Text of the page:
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A matrix is nonsingular iff its determinant is nonzero.
Let be a matrix.
Let be a matrix obtained from by deletion of the row and column containing . The matrices are called minors of .
Let . This is called the cofactor of
The determinant of a matrix is a scalar associated with that is defined inductively as follows:
The determinant can be expressed as a cofactor expansion using any row or column of :
It is beneficial to choose a row or column with the maximum 0 entries. This process is called inspection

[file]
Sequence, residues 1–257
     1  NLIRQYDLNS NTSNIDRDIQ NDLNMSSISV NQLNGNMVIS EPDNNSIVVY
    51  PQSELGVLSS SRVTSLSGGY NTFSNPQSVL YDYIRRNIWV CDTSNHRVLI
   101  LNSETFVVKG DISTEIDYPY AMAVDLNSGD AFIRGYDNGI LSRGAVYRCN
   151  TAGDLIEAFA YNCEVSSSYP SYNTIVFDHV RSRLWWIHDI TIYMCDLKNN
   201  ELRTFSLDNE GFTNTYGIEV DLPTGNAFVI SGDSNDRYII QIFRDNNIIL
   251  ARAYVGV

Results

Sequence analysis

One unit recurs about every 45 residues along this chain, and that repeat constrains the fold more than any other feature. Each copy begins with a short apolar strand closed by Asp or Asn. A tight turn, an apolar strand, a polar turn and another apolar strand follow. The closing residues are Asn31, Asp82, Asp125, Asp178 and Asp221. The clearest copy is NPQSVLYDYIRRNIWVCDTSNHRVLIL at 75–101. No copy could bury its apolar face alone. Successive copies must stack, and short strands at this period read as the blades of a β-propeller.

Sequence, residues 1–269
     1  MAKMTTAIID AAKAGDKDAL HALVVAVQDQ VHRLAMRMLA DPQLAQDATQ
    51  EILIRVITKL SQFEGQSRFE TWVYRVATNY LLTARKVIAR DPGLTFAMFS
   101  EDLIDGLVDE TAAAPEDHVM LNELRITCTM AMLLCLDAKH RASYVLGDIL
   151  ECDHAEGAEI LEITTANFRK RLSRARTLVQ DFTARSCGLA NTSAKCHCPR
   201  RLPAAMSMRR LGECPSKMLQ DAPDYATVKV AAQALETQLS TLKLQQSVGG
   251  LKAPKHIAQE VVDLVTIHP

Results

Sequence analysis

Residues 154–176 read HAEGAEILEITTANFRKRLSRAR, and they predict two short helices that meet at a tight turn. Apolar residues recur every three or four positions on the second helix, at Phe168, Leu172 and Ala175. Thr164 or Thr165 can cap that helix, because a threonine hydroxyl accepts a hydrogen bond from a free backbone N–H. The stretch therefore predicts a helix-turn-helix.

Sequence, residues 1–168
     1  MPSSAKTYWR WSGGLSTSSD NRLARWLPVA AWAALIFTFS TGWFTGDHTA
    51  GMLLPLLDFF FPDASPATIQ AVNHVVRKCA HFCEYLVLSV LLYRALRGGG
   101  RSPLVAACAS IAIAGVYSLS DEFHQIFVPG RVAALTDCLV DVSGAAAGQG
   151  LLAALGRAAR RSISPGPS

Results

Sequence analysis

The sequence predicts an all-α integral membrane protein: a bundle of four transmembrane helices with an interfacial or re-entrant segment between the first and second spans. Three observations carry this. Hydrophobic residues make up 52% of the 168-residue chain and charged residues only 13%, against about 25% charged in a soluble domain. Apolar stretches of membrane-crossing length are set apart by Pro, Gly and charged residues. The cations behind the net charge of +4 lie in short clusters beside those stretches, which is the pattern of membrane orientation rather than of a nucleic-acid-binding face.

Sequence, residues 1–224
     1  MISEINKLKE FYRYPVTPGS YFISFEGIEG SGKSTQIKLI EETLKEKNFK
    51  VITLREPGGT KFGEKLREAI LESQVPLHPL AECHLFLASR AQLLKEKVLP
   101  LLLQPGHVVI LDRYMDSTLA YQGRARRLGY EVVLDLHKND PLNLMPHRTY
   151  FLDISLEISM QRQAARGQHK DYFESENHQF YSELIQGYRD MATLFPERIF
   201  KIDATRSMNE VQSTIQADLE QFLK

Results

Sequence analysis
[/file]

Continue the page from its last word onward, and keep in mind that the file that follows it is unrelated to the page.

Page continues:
Determinant of 2 × 2 Matrix
For a matrix , the minors are:
and the determinant could be defined as:
The corresponding signs for each entry are defined by the following matrix:
If is a matrix, then
Properties of Determinants
Given a matrix , let be the cofactor of for .
First case is trivial: definition of determinant
Second case: Let be the matrix formed by replacing the th row of with the th row of .
because the th row is deleted, but by MATH 323 Theorems#Theorem 2.1.4, the determinant of a matrix with two identical rows is 0.
Multiplication by Elementary Matrices
What happens when we take the determinant of the product of a matrix and an elementary matrix ?
If is of type:
- , where is the scalar multiple used to produce
In all cases, , and coincidentally, the determinant of for all types is: